Your job as an association leader will never be more evident than during contract negotiations. As an association leader you will be confronted with multiple issues relating to disciplinary matters, but you have a comprehensive legal defense plan through the Nevada Association of Public Safety Officers, and inevitably you will pass the buck over to the experts in those disciplinary matters. The resulting factors of those disciplinary issues are managed by the legal defense experts and their strategies of defense to protect the members, but during contract negotiations you, as a bargaining committee, are the leaders and your preparations and strategies are what matters.
We, the NAPSO Legal Defense Plan administrators, routinely receive accolades for our defense strategies and inevitable legal defense “wins” in saving members jobs, but have you ever thought that a very important factor in this is our formed relationships with those decision makers in your employment issues. This same thought should be of maximum importance during contract negotiation preparations. A large factor in obtaining the most for your membership lies within the relationship you build with your city or county leaders.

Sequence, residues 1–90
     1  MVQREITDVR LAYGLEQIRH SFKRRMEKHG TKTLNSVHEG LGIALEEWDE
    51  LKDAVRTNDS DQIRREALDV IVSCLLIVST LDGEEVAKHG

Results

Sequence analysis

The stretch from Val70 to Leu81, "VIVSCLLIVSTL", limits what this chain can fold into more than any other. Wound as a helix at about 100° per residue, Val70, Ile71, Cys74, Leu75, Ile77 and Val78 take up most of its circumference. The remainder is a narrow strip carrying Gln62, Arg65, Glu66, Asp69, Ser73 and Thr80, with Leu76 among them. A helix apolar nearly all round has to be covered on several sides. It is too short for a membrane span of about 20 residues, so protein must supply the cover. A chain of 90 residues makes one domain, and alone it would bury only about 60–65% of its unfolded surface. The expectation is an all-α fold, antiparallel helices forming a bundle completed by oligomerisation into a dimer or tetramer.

Let me put it this way, if you were going to buy a car and you have two options, go to a dealership that employees a salesman friend of yours or go to a dealership and contact a complete stranger salesman…who do you think is going to give you a better deal with less of the hassle?
It is extremely important to have your city council members or county commissioners know who you are and just as important that you get to know who your elected leaders are. You can only do this by getting out and meeting them. The worst thing you can do is sit back and base your thoughts and evaluations on newspaper clippings and other individual evaluations. Enough said on this, the lesson here is to get out and meet your political leaders; after all, we are going to be asking these very same people to ratify on your contract demands.